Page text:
We had to go to Rotterdam, though. But then again, one of ‘my’ clients is there, so it’s not like I haven’t driven there before. But this time, we parked outside the city and took the tram into the city centre. After a tasty lunch at a café next to the iconic Erasmus-bridge, we walked along the water to the workshop location.
There were nine people taking the workshop — and as is usual in these things, I was the only man. I wonder why that is — don’t men want to learn new skills? Or should I do woodworking workshops or stuff like that, in order to not be the only man present?

We were split in three groups. Each group would make a batch of shells, with a colouring of their choice. One lady had specific instructions to make orange (the colour) macarons, because the Dutch national soccer team would be playing that evening. I suggested that the other groups could make red and blue shells, and with a white cream, we’d get red-white-blue macarons — like we did before. This was met with approval, and we got to work.

I won’t bore you with the details, but suffice to say that we learned a lot of techniques and tricks to make good macarons and delicious buttercream for the filling. Of course, I also took (crappy cellphone-)pictures:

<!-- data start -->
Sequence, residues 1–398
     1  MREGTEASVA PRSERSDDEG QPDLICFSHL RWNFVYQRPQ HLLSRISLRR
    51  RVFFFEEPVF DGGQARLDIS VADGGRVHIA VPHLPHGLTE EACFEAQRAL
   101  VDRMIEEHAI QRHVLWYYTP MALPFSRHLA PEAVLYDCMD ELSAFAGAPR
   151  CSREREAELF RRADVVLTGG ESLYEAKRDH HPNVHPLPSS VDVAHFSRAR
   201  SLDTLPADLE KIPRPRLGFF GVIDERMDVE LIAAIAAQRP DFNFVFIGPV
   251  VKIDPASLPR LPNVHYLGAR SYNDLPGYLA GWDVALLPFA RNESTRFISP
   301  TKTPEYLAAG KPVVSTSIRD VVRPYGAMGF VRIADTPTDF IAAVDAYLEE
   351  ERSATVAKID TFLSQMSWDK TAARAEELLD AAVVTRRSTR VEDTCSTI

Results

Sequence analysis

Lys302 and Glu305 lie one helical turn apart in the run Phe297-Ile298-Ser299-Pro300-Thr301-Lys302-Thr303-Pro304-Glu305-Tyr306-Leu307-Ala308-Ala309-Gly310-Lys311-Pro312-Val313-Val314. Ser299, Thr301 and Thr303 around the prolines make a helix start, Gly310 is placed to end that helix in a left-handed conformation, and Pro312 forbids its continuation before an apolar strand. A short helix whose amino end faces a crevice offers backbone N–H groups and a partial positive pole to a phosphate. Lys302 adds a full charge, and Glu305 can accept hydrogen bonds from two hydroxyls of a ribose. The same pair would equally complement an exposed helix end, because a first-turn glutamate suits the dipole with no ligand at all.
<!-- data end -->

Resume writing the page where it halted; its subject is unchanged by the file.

Worth 5000 words

We even went so far as to buy a Kitchenaid mixer to be able to bake at home…

As I wrote earlier, I have experimented with candying persimmon. I cut up the fruit, made the syrup and then added the slices. Then, for the next four days, I took out the fruit and boiled the syrup for about ten minutes. Then when the syrup had cooled down, I added the slices again.

Photos of the progress

I’ve started an experiment: I’ll be trying to make candied persimmon. I’ve read recipes where they said to use firm fruit, and I’m not sure if persimmon is sufficiently firm. You don’t want the fruit to dissolve in the sugar syrup!
I’ve cut three persimmon in slices, for 720 grams of fruit. The sugar syrup is now cooling off, and then I’ll dunk the fruit in. From tomorrow on, I will have to take out the fruit, softly boil the syrup to up the concentration, and then put the fruit back in. After four or five iterations, the moisture in the fruit should be replaced with the sugar syrup, preserving the fruit. (I read that it should hold for eight months!)
After that, I might dunk the pieces in dark chocolate for an extra treat… if all goes well!

One of the ‘souvenirs’ I brought back from Japan is a pickle press. I’ve improvised a pickle press before, by using a large bowl and a slightly smaller bowl on top of it, but that is far from practical. So when I found a pickle press in a store in Yufuin that sold household items, I immediately bought it.

How I make quick cucumber pickles

In a pickle

I’ve just made Japanese-style cucumber pickles (though technically they’re not pickles since there’s no fermentation involved). I might have used too much salt — we’ll see tomorrow, when they’re supposed to be done.

Here’s a recipe I use a lot with my slowcooker: creamy beef curry!

The recipe

Powdered peanuts (unsalted). Our blender made short work of ’em. Then they went into another bowl with two shots of walnut oil to make homemade peanut butter! It’ll be the base for the satay sauce for tomorrow.